home
reviews
essays
search

Reviews

Blue Juice

(Carl Prechezer, UK, 1995)


 


After I last watched On the Buses on TV about twenty-five years ago, I hoped I would never have to endure another mucky British comedy about sexual frustration – usually involving a beautiful, randy bird and a chap who, because of some humiliating stricture, can’t do it with her.

But alas, here comes Blue Juice, a British surfing movie about an ex-lad, JC (Sean Pertwee), facing the implications of turning 30. While his girlfriend Chloe (Catherine Zeta-Jones, pre-Hollywood) lies writhing with desire in bed, JC abstains from all erotic activity and puts himself through a punishing regime of exercise – all for the sake of one last crack at a great wave.

I am no aficionado of surfing movies, but a passing acquaintance with John Milius’ classic Big Wednesday (1978) is enough to alert me to the standard motifs of the genre, which undergo local variations here.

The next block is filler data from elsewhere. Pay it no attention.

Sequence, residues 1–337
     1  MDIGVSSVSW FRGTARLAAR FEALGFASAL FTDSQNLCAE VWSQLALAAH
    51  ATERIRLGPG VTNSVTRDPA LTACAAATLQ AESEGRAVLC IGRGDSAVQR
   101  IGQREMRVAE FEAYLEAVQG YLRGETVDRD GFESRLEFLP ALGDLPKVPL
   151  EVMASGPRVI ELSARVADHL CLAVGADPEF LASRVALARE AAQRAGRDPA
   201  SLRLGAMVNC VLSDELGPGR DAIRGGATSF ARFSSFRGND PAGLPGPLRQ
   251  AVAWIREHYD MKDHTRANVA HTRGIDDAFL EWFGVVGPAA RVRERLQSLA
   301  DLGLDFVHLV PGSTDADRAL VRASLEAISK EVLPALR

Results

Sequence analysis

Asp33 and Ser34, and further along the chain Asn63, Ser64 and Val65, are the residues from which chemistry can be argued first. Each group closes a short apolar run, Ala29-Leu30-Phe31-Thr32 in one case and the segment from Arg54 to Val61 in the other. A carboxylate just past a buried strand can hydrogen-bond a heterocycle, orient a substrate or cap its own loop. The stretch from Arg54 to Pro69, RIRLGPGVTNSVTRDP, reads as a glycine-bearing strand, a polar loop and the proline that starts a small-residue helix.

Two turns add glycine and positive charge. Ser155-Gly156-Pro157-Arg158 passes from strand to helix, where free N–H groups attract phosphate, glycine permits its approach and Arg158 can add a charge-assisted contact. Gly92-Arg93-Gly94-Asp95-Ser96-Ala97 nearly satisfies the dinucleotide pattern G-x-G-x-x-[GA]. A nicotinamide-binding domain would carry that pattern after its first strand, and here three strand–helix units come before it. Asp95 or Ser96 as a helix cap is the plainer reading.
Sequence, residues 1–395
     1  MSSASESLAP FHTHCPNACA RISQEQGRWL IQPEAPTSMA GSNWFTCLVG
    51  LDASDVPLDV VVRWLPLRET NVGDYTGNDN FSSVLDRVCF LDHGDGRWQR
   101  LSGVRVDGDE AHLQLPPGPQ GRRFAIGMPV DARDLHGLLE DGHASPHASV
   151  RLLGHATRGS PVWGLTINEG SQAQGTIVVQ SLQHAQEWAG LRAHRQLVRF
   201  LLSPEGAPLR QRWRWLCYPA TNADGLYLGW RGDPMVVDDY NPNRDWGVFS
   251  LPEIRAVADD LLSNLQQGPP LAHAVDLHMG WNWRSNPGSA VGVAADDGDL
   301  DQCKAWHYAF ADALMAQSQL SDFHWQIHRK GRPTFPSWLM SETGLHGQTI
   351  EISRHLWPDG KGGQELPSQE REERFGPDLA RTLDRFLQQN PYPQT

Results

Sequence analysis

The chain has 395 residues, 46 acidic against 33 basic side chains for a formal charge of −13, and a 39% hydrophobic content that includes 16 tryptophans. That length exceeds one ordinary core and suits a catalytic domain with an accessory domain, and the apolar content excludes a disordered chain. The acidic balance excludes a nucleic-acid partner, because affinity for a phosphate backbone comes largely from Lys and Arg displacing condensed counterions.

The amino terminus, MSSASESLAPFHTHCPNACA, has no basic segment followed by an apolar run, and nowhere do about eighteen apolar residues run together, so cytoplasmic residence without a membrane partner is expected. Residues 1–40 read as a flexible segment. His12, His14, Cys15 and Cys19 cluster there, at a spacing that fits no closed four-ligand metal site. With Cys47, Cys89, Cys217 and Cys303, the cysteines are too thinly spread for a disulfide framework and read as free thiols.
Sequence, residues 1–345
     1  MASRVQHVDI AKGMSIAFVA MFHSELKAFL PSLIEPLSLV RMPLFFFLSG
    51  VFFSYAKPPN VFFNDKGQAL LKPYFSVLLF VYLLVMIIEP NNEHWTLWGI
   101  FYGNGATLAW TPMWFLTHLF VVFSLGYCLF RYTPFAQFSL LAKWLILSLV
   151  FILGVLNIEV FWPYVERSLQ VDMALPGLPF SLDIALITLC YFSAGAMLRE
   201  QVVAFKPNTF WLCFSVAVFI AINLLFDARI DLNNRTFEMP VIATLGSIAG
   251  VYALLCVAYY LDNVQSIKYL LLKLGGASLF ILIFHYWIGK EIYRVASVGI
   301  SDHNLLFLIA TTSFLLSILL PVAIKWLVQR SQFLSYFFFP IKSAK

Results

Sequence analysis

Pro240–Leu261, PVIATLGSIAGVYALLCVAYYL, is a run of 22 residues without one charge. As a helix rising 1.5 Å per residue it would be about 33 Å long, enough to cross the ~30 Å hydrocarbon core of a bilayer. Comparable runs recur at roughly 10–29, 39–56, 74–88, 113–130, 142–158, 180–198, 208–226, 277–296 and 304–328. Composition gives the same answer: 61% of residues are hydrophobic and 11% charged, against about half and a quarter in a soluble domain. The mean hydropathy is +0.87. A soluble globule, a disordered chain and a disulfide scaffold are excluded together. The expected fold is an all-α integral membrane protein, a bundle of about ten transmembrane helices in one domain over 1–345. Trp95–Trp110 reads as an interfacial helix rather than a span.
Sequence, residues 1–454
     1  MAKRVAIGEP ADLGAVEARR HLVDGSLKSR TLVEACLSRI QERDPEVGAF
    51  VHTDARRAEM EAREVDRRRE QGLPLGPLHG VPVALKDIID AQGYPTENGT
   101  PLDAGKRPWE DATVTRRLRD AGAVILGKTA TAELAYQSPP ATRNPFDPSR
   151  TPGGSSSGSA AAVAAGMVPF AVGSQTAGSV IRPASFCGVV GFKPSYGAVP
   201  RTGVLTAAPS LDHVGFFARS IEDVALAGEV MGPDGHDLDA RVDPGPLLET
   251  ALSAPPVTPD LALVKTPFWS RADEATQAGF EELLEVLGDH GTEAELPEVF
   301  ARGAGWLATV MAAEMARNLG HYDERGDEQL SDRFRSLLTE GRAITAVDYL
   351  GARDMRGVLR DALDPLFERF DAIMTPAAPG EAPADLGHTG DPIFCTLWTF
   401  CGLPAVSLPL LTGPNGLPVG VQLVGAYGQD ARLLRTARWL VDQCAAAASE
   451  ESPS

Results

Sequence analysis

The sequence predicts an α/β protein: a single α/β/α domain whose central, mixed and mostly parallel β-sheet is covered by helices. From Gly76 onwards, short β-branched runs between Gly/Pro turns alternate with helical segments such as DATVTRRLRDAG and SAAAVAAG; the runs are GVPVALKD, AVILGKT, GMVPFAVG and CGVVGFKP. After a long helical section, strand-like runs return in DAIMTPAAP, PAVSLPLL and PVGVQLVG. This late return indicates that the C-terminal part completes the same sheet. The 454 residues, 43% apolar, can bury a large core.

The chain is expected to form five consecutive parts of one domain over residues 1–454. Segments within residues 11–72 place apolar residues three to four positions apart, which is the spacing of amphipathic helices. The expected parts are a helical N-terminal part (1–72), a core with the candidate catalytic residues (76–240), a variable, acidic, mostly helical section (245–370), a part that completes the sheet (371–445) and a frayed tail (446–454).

We have, for instance, the omnipresent reminder of ’60s hippie values, embodied in an old guru, Shaper (Heathcote Williams).

Above all, there is the theme of growing old and becoming staid – linked in JC’s mind, of course, to marriage, family and Chloe. Tempted by a band of his mates from London, JC flees his adult destiny and tries to recapture his youth. Naturally, Blue Juice tries to suggest a redemptive possibility between ending up either an old fart or a young fool.

As a mildly reflective comedy, Carl Prechezer’s film has little to recommend it – and as a surf movie, it may have rather too little surfing in it for buffs.

All I will retain from it is a berserk sub-plot about the inferiority of techno music to good old soul, centred on JC’s hip pal Josh (Steven Mackintosh).

In a mind-boggling scene, Josh is corralled in a low-rent nightclub by a gang of musical true-believers. He is put on trial; the DJ Junior (Colette Brown) spins an old soul classic and then Josh’s hideous techno re-mix (modelled on “Futurist repetitive poetry”, he explains).

Josh’s sentence is swift: he must face the real music – and dance.

© Adrian Martin February 1996


Film Critic: Adrian Martin
home    reviews    essays    search